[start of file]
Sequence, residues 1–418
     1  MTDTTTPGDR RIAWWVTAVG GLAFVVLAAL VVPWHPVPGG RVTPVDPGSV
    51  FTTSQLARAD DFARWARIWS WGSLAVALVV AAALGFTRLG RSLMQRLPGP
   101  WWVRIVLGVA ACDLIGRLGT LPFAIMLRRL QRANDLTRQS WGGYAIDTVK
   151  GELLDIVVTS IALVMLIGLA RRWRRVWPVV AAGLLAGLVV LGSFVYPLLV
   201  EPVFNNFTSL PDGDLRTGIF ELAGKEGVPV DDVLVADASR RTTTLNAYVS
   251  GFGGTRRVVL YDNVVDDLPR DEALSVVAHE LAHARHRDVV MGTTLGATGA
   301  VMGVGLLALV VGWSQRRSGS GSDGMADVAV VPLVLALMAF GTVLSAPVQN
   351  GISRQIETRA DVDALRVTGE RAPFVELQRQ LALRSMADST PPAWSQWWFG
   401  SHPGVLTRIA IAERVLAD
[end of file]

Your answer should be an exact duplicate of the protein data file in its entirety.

Sequence, residues 1–418
     1  MTDTTTPGDR RIAWWVTAVG GLAFVVLAAL VVPWHPVPGG RVTPVDPGSV
    51  FTTSQLARAD DFARWARIWS WGSLAVALVV AAALGFTRLG RSLMQRLPGP
   101  WWVRIVLGVA ACDLIGRLGT LPFAIMLRRL QRANDLTRQS WGGYAIDTVK
   151  GELLDIVVTS IALVMLIGLA RRWRRVWPVV AAGLLAGLVV LGSFVYPLLV
   201  EPVFNNFTSL PDGDLRTGIF ELAGKEGVPV DDVLVADASR RTTTLNAYVS
   251  GFGGTRRVVL YDNVVDDLPR DEALSVVAHE LAHARHRDVV MGTTLGATGA
   301  VMGVGLLALV VGWSQRRSGS GSDGMADVAV VPLVLALMAF GTVLSAPVQN
   351  GISRQIETRA DVDALRVTGE RAPFVELQRQ LALRSMADST PPAWSQWWFG
   401  SHPGVLTRIA IAERVLAD